Making sourdough spelt bread with a sourdough starter
Latest update: may 2019
I have wanted to make my own sourdough bread for ages, but the long process to make a sourdough starter kept me from it. When I found a simply explained recipe on the Dutch website walrabenstein.nl, I decided to try it. I was a bit sceptical about the chance of success at the first try, but I managed! After a process of a week, I had a yummy sourdough spelt bread!
For people who have IBS, sourdough spelt bread can be a good replacement for normale bread. Wheat and bread made from wheat contain fructans (one of the FODMAP groups) and are high FODMAP (only in small amounts wheat is low FODMAP).
Spelt contains fewer fructans than wheat, but is still high in FODMAPs. There are, however, quite a lot of people with IBS who tolerate spelt well, so it is definitely worth testing how you react to it. Next to that, when spelt is processed in certain ways it can become lower in FODMAPs (read my blog about FODMAPs & spelt for more info). One of these “processes” is the sourdough process.
According to Monash University, sourdough spelt bread is low FODMAP up to 2 slices per serving and also sourdough bread made from wheat is low FODMAP up to 2 slices per serving. See the Monash University app for more information.
Does sourdough spelt bread really taste sour?
I think sourdough bread has a light sour taste, but it is not too noticeable. Sourdough bread definitely tastes different than bread made with yeast, but I personally really like it.
When I compare sourdough bread with the bread that I used to eat when I could still tolerate wheat, I think this has so much more flavour and it is also more filling. After two slices of sourdough spelt bread, I feel full, while I could easily eat 4 slices of wheat bread in a row. I must admit that we used to eat relatively cheap bread from the supermarket. So I think that is not comparable with high quality wheat bread from the bakery. Higher quality wheat bread probably fills you up better too.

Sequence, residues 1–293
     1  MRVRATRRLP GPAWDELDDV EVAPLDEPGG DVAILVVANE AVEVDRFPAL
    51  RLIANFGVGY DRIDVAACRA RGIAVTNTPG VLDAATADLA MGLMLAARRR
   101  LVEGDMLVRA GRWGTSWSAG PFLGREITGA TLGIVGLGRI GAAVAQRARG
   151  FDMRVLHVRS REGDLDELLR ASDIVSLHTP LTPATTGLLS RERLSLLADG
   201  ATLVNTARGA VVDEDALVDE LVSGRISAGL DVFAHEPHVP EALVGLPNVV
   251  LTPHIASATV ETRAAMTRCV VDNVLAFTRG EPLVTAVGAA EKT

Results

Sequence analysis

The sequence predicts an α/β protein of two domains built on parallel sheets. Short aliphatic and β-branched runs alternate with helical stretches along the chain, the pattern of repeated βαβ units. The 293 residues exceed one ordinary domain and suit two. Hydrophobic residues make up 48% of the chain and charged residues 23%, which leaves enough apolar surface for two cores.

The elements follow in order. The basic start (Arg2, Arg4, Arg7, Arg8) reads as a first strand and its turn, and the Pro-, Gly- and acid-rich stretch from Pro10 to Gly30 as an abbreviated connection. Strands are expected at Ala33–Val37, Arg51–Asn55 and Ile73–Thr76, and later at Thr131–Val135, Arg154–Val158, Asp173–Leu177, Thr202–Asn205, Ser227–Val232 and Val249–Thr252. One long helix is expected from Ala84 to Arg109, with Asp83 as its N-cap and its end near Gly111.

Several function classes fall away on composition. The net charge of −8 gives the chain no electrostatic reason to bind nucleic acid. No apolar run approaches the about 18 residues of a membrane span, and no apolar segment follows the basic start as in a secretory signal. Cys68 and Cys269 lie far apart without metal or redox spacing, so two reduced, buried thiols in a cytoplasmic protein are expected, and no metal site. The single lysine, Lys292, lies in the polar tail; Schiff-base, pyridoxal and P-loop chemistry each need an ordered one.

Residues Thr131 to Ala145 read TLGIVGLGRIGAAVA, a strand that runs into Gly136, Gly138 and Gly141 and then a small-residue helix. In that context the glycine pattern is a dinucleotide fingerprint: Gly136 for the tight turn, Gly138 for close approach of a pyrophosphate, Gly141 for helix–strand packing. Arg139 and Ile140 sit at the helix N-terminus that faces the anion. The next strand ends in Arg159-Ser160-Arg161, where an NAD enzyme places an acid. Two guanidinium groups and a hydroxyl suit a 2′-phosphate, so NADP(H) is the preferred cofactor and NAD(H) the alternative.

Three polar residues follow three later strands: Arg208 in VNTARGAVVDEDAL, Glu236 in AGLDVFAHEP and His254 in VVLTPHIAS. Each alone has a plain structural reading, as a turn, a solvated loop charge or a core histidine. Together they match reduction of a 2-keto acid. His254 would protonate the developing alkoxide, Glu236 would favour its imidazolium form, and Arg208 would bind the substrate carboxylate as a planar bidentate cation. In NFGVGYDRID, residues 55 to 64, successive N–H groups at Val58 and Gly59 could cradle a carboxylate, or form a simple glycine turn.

You might have to get used to the flavour of sourdough spelt bread a little, but after a while you won’t want anything different! If you fell in love with it, like I did, definitely give my recipe for sourdough spelt bagels a try too or make a delicious sourdough grilled toast sandwich.
Will you let me know if you make my sourdough spelt bread recipe? I would love it if you would share your creations with me by leaving a reaction and a rating below or by using the hashtag #karlijnskitchen on Instagram and by tagging me at @karlijnskitchenPrint
Homemade sourdough spelt bread with a sourdough starter. This recipe does not contain yeast and is low FODMAP. You only need spelt flour, water and salt.
- A glass jar or bowl that can contain about a liter (4 1/2 cups)
- 300 gram (2 cups + 1 tbsp) white spelt flour
- 500 gram (3 1/2 cup) wholemeal spelt flour
- 2 tsp salt
- The process takes about a week. It is important that you stir the sourdough starter every day in the morning and in the evening and if possible also once during the day.
- Day 1: Mix 100 g (2/3 cup + 1 tbsp) spelt flour and 100 ml (1/3 cup + 1 tbsp) lukewarm water in the jar/bowl. Mix it until it is a smooth mixture. Put the bowl in the kitchen with a damp tea towel over it.
- Day 2 and 3: Stir the mixture through in the morning and in the evening (and during the day if possible).
- Day 4: At this point, you should see some air bubbles in the mixture and it smells a bit sour. If this is not the case it is possible that the process takes a little longer, you can just continue with the process for about 2 more days. It is also possible that the mixture smells really sour and bad, then it has gone wrong and you have to start over, unfortunately.